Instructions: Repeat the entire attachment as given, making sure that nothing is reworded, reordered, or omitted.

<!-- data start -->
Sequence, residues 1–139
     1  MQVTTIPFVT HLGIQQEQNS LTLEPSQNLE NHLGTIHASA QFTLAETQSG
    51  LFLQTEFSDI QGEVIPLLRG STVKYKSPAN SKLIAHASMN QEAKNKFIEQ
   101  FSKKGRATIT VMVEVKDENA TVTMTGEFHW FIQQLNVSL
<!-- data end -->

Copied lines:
Sequence, residues 1–139
     1  MQVTTIPFVT HLGIQQEQNS LTLEPSQNLE NHLGTIHASA QFTLAETQSG
    51  LFLQTEFSDI QGEVIPLLRG STVKYKSPAN SKLIAHASMN QEAKNKFIEQ
   101  FSKKGRATIT VMVEVKDENA TVTMTGEFHW FIQQLNVSL